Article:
Weekend reading

Good reads from around the Web.

With flows into index funds and ETFs soaring and articles about passive investing venturing beyond enclaves like Monevator and into the mainstream media, it’s not surprising active fund managers are getting more hostile.

Their latest wheeze has been to label indexers as ‘parasites’ who prey on the hard work of fund managers.

This is a handy line-of-attack, because it’s emotional. The data (that passive funds beat most active funds) and the logic (by definition the average active fund must offer average returns, before costs) offers them nowhere to go, but emotional appeals don’t need to be rational.

But rationality remains the best way to fight them, as Jack Bogle did this week in the Financial Times (that link is a Google search result – click through to the article. If on a tablet, switch to desktop view first).

Bogle writes:

[Index fund critic] Mr Smith describes the index mutual fund as a “passive parasite”, rejecting the value of the innovation I created in 1974. He suggests that the index fund simply takes advantage of the market efficiencies created by active manager/traders. His article assumes that my confidence in the index fund is based on the “efficient market hypothesis”.

This is not so. Whether markets are efficient or inefficient is beside the point. The cost matters hypothesis is all that is needed to explain why indexing works: gross return in the market as a whole, minus the costs of obtaining that return, equals the net return investors actually receive.

Paradoxically, it is the active manager who is the real parasite. For stock market returns are simply a derivative of the returns earned by publicly-held corporations as a group, the total of their dividend yields and their earnings growth over the long term.

Active money management, with costs averaging some 2.27 per cent a year, is the greedy parasite that eats away at the host.

At the grand age of 84, Jack Bogle is still one step ahead of the financial services industry as it throws confusion, fear, and flak in the face of his big insight.

I admire his energy and tenacity, almost as much as his achievements.

Investing ages well

If indexing was guaranteed to give me a mind as sharp as Bogle’s in my 80s, I’d go without food to buy more index trackers. But plenty of top-performing active investors are still razor sharp in their old age, too.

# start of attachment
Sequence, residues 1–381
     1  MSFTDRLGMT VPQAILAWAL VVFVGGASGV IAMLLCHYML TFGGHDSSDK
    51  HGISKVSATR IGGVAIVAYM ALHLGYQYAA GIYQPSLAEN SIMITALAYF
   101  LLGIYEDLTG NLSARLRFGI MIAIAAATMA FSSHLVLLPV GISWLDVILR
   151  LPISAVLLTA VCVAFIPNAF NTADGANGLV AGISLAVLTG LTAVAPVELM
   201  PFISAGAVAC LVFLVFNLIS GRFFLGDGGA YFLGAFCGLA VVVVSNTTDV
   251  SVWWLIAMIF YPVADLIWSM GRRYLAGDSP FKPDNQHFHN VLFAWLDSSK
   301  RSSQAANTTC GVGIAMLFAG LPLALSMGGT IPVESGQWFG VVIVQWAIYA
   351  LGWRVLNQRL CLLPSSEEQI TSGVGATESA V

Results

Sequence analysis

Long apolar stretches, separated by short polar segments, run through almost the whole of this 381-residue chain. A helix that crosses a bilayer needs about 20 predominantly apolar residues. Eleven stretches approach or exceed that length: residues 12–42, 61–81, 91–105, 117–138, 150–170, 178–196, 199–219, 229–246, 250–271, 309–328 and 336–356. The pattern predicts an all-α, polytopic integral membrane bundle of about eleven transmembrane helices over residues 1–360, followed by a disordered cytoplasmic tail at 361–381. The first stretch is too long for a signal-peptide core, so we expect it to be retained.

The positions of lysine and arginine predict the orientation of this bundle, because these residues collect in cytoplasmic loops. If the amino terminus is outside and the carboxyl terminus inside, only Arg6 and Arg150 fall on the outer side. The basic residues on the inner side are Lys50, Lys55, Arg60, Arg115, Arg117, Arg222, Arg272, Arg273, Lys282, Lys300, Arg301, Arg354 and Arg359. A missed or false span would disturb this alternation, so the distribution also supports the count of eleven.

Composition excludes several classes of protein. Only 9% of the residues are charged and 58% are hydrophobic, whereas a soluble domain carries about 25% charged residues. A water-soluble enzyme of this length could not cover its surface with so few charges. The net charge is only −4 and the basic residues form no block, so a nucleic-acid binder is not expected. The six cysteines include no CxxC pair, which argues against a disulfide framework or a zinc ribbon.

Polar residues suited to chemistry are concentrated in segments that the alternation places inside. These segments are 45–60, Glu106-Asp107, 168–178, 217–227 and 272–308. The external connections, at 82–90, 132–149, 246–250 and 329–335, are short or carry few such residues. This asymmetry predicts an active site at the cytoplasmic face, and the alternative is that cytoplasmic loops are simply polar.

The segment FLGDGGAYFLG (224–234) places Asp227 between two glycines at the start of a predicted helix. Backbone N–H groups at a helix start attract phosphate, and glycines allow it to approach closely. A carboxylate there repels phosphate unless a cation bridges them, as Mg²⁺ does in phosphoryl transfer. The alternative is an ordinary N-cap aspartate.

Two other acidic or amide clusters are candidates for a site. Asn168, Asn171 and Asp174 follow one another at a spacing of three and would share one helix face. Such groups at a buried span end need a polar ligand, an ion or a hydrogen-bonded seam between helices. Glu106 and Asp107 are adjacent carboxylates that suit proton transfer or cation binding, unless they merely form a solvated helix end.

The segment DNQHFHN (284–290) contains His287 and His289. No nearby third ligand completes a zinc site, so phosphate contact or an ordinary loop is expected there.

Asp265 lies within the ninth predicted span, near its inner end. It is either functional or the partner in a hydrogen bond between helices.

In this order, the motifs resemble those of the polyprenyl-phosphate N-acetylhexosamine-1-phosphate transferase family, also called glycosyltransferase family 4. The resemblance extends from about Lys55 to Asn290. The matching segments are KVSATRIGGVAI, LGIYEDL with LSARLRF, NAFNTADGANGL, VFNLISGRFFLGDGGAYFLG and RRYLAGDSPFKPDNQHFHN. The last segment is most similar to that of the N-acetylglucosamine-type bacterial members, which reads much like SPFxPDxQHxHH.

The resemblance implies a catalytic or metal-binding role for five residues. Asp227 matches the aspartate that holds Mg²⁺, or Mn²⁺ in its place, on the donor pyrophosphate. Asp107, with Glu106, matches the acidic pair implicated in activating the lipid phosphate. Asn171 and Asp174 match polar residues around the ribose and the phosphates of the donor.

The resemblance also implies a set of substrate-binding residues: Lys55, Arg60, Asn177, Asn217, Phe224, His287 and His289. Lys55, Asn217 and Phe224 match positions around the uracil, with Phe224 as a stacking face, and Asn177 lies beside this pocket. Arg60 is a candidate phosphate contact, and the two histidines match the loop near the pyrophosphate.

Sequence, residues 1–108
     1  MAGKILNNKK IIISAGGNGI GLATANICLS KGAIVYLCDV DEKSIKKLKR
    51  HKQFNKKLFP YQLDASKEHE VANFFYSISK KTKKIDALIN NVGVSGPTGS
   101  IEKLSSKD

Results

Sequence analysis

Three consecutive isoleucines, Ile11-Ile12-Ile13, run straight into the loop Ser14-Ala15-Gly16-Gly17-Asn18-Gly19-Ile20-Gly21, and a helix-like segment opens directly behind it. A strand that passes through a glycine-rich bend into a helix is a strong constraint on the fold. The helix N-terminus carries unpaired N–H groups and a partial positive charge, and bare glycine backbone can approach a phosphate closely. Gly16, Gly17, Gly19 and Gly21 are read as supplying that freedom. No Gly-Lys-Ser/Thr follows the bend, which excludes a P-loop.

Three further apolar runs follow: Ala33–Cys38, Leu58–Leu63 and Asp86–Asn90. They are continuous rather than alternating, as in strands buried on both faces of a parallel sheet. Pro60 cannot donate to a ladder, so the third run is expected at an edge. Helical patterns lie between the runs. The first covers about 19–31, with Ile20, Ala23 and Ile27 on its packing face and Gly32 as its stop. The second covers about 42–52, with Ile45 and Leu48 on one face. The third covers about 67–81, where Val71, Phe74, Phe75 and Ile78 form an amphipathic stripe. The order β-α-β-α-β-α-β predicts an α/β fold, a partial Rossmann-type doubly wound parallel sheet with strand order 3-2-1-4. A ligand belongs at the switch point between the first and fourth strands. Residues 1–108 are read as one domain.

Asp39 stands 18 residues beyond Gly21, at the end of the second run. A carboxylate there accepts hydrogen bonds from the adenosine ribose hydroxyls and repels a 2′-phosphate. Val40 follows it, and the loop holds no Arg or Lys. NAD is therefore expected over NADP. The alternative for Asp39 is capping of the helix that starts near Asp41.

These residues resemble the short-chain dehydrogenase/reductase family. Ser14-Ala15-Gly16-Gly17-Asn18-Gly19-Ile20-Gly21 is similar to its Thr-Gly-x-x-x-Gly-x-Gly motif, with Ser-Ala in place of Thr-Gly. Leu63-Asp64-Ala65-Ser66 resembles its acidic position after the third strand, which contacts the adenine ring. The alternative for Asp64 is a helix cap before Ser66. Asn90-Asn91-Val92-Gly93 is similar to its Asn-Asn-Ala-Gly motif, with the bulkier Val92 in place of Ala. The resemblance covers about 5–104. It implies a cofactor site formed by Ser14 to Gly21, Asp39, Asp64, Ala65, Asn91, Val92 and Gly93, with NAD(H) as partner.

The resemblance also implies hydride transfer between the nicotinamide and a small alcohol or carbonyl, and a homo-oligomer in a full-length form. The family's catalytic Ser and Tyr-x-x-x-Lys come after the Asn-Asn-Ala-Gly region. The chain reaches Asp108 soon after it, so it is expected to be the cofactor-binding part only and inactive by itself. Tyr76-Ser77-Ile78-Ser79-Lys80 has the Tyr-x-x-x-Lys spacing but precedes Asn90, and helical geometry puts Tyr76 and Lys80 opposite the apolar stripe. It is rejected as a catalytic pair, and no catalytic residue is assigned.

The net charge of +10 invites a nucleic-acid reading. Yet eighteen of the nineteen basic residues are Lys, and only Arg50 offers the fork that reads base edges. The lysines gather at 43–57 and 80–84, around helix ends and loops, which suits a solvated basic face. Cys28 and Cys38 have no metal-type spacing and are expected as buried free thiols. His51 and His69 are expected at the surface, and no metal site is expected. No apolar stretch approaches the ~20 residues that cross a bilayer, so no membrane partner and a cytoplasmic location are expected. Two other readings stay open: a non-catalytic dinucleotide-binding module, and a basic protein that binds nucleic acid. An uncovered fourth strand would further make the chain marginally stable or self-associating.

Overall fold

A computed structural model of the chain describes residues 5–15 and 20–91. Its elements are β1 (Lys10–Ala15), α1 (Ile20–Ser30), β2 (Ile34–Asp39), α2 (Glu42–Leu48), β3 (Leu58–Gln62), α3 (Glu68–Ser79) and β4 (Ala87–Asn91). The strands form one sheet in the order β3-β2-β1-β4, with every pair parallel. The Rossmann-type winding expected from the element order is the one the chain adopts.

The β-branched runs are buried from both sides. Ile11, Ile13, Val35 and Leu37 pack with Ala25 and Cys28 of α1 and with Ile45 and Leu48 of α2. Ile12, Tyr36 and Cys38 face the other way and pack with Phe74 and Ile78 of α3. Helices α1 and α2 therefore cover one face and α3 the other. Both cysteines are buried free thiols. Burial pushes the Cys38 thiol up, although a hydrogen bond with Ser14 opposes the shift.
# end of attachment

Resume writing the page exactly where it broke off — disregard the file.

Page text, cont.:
Sure, reaching old age in a fit state is largely down to genes, luck, and lifestyle.

Survivorship bias obviously favours the long-term compounder, too!

But as I’ve written before, perhaps there’s also something positive in the long time horizon of the true investor, however they happen to invest.

From the blogs

Making good use of the things that we find…

Passive investing

Active investing

Other articles

Product of the week: On Monday HSBC will launch competitive new 90% loan-to-value mortgages, according The Guardian. The range will include a two-year fix at 3.59% and a five-year fix at 4.39%. Fees seem in line with current norms, so it could be a good option for first-time buyers.

Mainstream media money

Some links are Google search results – in PC/desktop view these enable you to click through to read the piece without being a paid subscriber of that site.1

Passive investing

  • Invest with Buffett’s five-year plan – MarketWatch
  • Swedroe: Emerging markets have investors panicking – Moneywatch
  • The safety-first credentials of a 50/50 portfolio – Telegraph

Active investing

  • The hidden risk of investing in stable companies – Morningstar
  • Exploring buy-to-let hotspots – This Is Money
  • Some ideas for safe dividend payers in the UK – Telegraph
  • Wealthy club together to buy commercial property [Search result]FT

Other stuff worth reading

  • How can the BOE’s Carney prick the house price bubble? – Guardian
  • Annuities: A dying breed? – Telegraph
  • Technology and games changing financial services [Search result]FT

Book of the week: If all authors treated economics the way Tim Hartford does, Harry Potter might have starred a central banker. His brand new book, The Undercover Economist Strikes Back, tackles nothing less than the entire global economy!

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  1. Reader Ken notes that: “FT articles can only be accessed through the search results if you’re using PC/desktop view (from mobile/tablet view they bring up the firewall/subscription page). To circumvent, switch your mobile browser to use the desktop view. On Chrome for Android: press the menu button followed by “Request Desktop Site”.”

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